We also visited SJI to check out the possibilities of an appeal. But at 229, its quite a long shot, and the school is expecting the cut-off to move up to 238. Had we put SJI as first choice, we would have had only a slim chance of getting in but would have lost St Gabs as first choice.

We had lunch with Patrick's parents and discussed all the issues, trying to clear up the murky waters. But it was hard. And we left lunch on Sunday, no clearer in purpose and intent than before. The weekend and early part of the week was spent mulling things through, trying to get through to St Pat's principal to find out more about the scholar class and Isaac's odds (we didn't get much headway there).

After angsting over it for so long, we finally submitted the S1 form last night. I did tell Isaac that we just have to move on and take any painful lessons in our stride. SJI is not totally gone - he does have the option of taking the entrance test next year for Sec 2 transfers. But Isaac does not seem keen. Right now, he just seems wary of another setback, another rejection. He's not even in favour of St Pat's because he might not get into the 'scholar class'. I think his choice in St Gab's stemmed a great deal from just playing it safe and licking his wounds for now.

I also had soul-searching to do. It ranged from the trivial to the serious - did I hex him in any way? Maybe it was better if I didn't have that silly dream about him scoring so highly in the exam. Maybe I should have stayed away from school when he got his results then I would not have jinxed him. Should have worn the other lucky t-shirt. Should not have stepped on the cracks in the pavement. Should not have washed hair the night before. All these idle, trivial thoughts, bordering on the superstitious - wishing things could be different and wondering how they went wrong.

But I also pondered on other issues. Was I off the mark to expect him to do better? Is that really the best he can do? Is that a true indicator of his abilities? Was I overly confident of his abilities? Can you 'over-believe' in someone? Can I please walk my talk and not compare my children's achievements? Can I please just stop mouthing off on education bla-bla-bla on AP and looking like a horse's rear end right now?

I've come to realise that no, I can't 'over-believe' in my children. I believe in them and what they can do. I still believe Isaac could have done better. I don't believe the PSLE is the be-all and end-all of academic success. Yes, it is hard when we realise he can't make the grade. But in the grand scheme of things, its early days yet and Isaac has a long way to go. As KH said, better for him to get this kind of disappointment and setback now, then he learns a hard but valuable lesson about life, expectations, confidence, humility, complacency, drive, determination and hunger. Hopefully this will make him a better, stronger person.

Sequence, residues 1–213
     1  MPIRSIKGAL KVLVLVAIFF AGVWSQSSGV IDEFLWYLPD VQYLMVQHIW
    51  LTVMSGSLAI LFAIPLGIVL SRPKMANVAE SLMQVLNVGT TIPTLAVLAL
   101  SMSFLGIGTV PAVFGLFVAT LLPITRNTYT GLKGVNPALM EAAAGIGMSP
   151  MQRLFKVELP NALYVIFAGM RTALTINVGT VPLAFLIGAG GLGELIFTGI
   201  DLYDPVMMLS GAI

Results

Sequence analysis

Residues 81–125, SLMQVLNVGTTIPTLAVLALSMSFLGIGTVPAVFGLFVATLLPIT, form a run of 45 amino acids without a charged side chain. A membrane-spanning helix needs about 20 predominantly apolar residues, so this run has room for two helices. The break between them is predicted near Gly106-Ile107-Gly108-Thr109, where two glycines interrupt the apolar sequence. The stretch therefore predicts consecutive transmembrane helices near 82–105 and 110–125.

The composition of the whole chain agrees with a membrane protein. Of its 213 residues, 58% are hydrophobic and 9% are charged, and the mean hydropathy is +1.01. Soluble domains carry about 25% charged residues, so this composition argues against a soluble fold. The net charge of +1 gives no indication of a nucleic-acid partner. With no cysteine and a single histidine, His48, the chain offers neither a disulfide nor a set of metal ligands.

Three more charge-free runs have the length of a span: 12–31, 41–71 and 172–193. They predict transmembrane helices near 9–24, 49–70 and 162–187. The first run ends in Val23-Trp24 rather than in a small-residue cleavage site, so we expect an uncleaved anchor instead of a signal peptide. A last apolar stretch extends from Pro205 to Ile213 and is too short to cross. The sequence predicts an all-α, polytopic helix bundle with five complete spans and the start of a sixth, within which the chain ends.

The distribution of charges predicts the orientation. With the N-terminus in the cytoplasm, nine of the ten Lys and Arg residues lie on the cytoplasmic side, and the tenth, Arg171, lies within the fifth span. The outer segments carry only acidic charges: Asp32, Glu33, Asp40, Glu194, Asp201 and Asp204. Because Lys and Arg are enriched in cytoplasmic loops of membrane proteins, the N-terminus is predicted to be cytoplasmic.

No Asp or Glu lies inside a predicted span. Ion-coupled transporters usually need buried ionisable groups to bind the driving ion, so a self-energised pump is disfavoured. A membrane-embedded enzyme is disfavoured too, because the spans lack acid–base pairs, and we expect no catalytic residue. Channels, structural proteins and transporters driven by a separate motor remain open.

As to the rest - re mouthing off on AP etc - yes. Lie low. Lick wounds. Whine a lot. :-)

And me, I am learning from this too - about myself, my own expectations, about friendship etc. I've realised how much of a lonely place I am in. When things go well, the congratulations will naturally flow in. People are attracted to success like moths to the light. But when the road darkens, who walks with me? I feel like a bit of a pariah leper these days. I have had only ONE message of comfort and support since Nov 20. But for the most part, I have also been met with an ominous silence from many whom I thought would understand and provide support and comfort. And gee, the silence is deafening.

Maybe people don't know what to say. Awkward situation after all. Feels kinda like a funeral when you really don't know how to dish out the condolences.

Well I don't want any faux, oily condolences - these days I am so hyper-sensitive I detect insincerity a mile off. I don't want anyone pussy-footing it around me. Yes, my son did not do as well as I thought he would. No, it seems he was not good enough. Yes many others did much better. I wish people would just be upfront about it, acknowledge my feelings and help me move on. Don't tiptoe around it, don't be silent and pretend all is fine and dandy. I just need someone to listen to me when I rant about my disappointment and then, when I am done crying, tell me what I am telling my son: "It's okay. Things will be okay. You will be okay." Why is this so hard? All they got to do is listen. And if they're really good friends, they'd tell me what an absolute little shit I am to moan about grades like these when it could have been far worse!